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32 per cent of Canadians blame grocery stores for rising food prices, more than any other reason: Nanos

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Canadians are more likely to blame grocery stores for rising food prices than any other reason, according to a survey conducted by Nanos Research for CTV News.


The survey took place earlier this week and involved more than 1,000 Canadians 18 and older. 


Thirty-two per cent of those surveyed said grocery stores were the No. 1 reason for the sharp rise in food prices, up from 28 per cent in 2023. More than 20 per cent of those surveyed blame increased fuel costs for the rise in prices, a three percentage point increase from last year.


Canadians have had to pay significantly more for food, starting in the COVID-19 pandemic and continuing into the present day. The Bank of Canada said last month grocery prices have increased nearly 22 per cent between February 2021 and February 2024.


Survey respondents also blamed the food manufactures themselves for increased food prices, as well as weather events, the Trudeau government, the carbon tax or a combination of everything.


Increased food bank use


The survey also found that nearly one-in-five Canadians say they, or someone they know, has used a food bank in the past year.


The demographic with the highest percentage of respondents who said they knew someone who has used a food bank was between 18 and 34 years old, at just under 27 per cent. Meanwhile, the region of Canada that had the highest percentage of “yes” respondents was the Prairies, at 27.5 per cent.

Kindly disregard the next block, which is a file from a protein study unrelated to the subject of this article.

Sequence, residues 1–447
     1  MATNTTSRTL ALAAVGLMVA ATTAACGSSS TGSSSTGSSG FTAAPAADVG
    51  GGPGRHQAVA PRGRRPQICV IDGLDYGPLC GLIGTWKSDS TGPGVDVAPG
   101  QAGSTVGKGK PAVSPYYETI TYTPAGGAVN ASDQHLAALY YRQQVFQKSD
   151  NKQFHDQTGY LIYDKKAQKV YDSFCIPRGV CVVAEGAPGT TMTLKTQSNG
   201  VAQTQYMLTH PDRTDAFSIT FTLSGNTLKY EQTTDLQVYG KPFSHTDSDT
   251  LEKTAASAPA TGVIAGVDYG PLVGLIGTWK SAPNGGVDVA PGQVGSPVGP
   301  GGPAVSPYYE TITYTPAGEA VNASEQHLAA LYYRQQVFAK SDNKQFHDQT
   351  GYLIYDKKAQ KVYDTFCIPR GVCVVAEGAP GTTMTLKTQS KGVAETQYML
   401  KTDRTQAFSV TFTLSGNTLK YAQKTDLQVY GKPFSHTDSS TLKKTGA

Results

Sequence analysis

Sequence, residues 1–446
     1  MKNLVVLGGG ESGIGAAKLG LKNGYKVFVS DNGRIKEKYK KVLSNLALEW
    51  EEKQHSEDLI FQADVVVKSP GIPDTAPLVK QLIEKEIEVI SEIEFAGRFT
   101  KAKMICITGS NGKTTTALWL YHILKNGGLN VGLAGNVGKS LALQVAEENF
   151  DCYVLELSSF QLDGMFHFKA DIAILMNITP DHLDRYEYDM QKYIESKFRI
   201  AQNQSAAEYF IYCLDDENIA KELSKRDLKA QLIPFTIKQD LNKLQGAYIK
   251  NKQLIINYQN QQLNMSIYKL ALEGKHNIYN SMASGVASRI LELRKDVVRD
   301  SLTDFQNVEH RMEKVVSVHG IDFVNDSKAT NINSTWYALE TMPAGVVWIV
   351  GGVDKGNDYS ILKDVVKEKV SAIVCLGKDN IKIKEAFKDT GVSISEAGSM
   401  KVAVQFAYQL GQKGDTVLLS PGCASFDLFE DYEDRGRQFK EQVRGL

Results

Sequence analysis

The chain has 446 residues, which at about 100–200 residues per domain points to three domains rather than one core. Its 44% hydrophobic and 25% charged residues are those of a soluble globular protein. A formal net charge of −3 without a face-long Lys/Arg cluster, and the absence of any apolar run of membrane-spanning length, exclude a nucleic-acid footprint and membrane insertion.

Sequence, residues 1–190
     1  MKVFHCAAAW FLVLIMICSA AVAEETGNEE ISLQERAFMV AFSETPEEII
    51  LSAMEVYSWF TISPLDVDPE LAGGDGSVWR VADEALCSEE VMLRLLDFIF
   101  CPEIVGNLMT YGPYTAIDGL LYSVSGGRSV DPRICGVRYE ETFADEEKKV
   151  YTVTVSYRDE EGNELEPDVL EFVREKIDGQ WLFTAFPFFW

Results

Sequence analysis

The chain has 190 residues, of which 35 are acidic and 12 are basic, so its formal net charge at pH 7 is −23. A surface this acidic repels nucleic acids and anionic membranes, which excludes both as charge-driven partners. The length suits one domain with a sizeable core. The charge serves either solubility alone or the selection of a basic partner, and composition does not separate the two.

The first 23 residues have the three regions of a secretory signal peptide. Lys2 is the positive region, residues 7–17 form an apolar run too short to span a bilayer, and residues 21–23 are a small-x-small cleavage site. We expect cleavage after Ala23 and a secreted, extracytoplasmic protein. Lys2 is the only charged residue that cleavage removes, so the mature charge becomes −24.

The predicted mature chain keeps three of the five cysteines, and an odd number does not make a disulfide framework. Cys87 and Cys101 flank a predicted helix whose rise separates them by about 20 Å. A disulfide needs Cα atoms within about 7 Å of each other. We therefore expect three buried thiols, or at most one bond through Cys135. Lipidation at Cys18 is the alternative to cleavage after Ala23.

CTV News Toronto’s Mike Walker reported in February that more than one-third of Canadian food banks and charities say they have had to turn people away. According to the Toronto-based Second Harvest’s “Hungry for Change” study, more than one million Canadians are expected to access food charity programs for the first time in 2024 based on anticipated demand. 


“People in Canada can’t keep up with rising food costs,” Second Harvest CEO Lori Nikkel told CTV News in February. “More people are being pushed towards food charity, which for most people comes as a last resort. Our systems are buckling under the pressure.”


Grocery Code of Conduct


The Grocery Industry Code of Conduct Steering Committee has pushed for Canada’s first grocery code of conduct, which would “support fairness in the commercial dealings between suppliers, independent retailers and large Canadian grocers to ensure that consumers … enjoy affordable and innovative product choices,” according to the committee’s July 2022 progress report.


In February, the House of Commons’ committee that studies food prices urged Loblaw and Walmart to sign on to the grocery code of conduct, or risk having it made law. Both organizations have said they will not sign the code as currently drafted, saying it could raise prices for Canadians.


However, Empire Co. Ltd. CEO Michael Medline, whose company owns the Sobeys, Foodland, Farm Boy and FreshCo brands, told an audience at a Retail Council of Canada event last week there’s no evidence a grocery code of conduct would raise food prices and that he supports the code.


Medline said there’s no code without all retailers getting on board.


“I think everyone’s caught in a bit of a stalemate right now trying to figure out how to put pressure on the parties that won’t sign,” he said. “I think it’s a bit of a game of chicken here.”


Methodology


The data in this article was provided by an RDD dual frame survey commissioned by CTV News and conducted by Nanos Research. The survey was conducted via phone between March 31 and April 1, with a random sample of 1,069 Canadians aged 18 and older. The margin of error for this survey is plus or minus three percentage points, 19 times out of 20.

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